“What happened to Dimgba?” I thundered. Eric answered: “My brother, na so we see am o”. “How did it happen?” I queried further. Eric replied, “You see, nobody really knows exactly what happened, but we heard that he was knocked down by a car while he was jogging early in the morning and somebody picked his phone and called his wife”. Eric and I then went into a long conversation over the incident. Eric blamed his death on the lack of appropriate and adequate Medical facilities in the country. He narrated how they took the injured Dimgba to one or two hospitals where there were no surgeons to attend to him, until he was rushed to the Lagos University Teaching Hospital, LUTH, where the surgeons there, tried unsuccessfully to stabilise him before he finally died.
While Eric Osagie was agonising over the dearth of appropriate emergency medical care in the country, which might have hastened the death of Dimgba, I simply told him to look beyond that because it could be a simulated assassination. Let us look at it this way. Jogging around that spot where the incident occurred could have been or was a routine which he did religiously. In that case, he was vulnerable to any hit man or hit men lurking around to commit havoc. All they needed do was to lay ambush ahead of his appearance along that route that unholy morning. As he came around, quite oblivious of the satanic plot, he could have even unknowingly jogged past the vehicle bearing his killer or killers. As soon as the killers were sure of their target, the vehicle would rev into life, move quickly and dangerously crush the target in the usual, crazy manner of driving in Nigeria, particularly in Lagos, to make it look like an accident.
‘While Eric Osagie was agonising over the dearth of appropriate emergency medical care in the country, which might have hastened the death of Dimgba, I simply told him to look beyond that because it could be a simulated assassination’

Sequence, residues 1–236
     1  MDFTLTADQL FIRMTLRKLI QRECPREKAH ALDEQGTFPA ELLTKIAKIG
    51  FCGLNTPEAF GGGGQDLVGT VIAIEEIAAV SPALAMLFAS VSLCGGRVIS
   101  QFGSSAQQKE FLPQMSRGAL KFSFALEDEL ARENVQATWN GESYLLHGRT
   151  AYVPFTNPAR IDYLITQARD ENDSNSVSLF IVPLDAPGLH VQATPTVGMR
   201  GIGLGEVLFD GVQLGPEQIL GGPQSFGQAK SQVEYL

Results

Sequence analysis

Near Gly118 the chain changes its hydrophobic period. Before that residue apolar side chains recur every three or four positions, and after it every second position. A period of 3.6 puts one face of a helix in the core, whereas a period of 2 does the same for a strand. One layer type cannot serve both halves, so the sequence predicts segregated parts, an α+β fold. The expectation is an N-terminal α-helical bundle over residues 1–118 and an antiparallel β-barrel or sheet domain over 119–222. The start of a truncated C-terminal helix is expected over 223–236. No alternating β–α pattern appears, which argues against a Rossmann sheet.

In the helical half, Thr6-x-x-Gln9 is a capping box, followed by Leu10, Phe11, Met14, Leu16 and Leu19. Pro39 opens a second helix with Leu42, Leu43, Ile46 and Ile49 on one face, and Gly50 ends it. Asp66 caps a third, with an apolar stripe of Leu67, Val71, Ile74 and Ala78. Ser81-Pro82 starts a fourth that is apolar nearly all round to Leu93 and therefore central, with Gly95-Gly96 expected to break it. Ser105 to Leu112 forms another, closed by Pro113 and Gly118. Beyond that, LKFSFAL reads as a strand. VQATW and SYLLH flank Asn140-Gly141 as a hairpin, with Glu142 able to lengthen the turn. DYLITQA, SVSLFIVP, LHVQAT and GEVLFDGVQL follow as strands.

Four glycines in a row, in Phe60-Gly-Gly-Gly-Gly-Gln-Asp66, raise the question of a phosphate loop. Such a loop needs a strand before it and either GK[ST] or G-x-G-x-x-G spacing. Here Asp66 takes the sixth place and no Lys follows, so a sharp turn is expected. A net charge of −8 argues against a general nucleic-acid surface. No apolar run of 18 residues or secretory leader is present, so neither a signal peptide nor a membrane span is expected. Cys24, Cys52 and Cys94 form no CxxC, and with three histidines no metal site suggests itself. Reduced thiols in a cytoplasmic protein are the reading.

But what could be the motive for such heinous crime? Just anything! Anything that upsets another person could precipitate such criminal act. Here was a man so much married to his job and the gospel. Those close to him say he could not hurt a fly. But he was in business – the business of writing books and, perhaps, some other things along the line. For sure, he couldn’t have been involved in shady deals that might warrant settling scores with death. But then, you never can tell. Petty jealousy and inferiority complex, of which I was a victim in the recent past, could lead an aggrieved person to commit anything. Whatever it is, I believe we all must learn a lesson, or two, from this tragedy.
Moreover, in this era of technological advancement, what has happened to our so-called policy on e-policing? Is it too much to install CCTV at notorious crime scenes and very busy areas? This, I believe, would have solved the puzzle that Dimgba’s death has become. Or at least, keep murderers in check. It’s time we put on our thinking caps. It’s Dimgba’s turn today …
Dimgba lived. Now, he is dead. Stone dead. Never to move either his limbs or fingers again to write the beautiful prose that stood him out in the firmament of journalism in Nigeria. How cruel death is, the monster that devour both the young and the old at will! The dead do not glorify death or tremble at its sight. They just walk away to eternity. It is the living that feels the pain, the anguish, the bereavement and sense of loss. More than a million cries or an ocean of tears can never retrieve the dead. As we weep and gnash our teeth in solemnity with the family, friends and acquaintances left behind by our brother and our comrade-in-arms in the fight against the buccaneers and the oppressors in our midst, we must face the stark reality that Dimgba Igwe has played his part and gone forever. He now sits with the Saints. Well, the police, must fish out whodunit!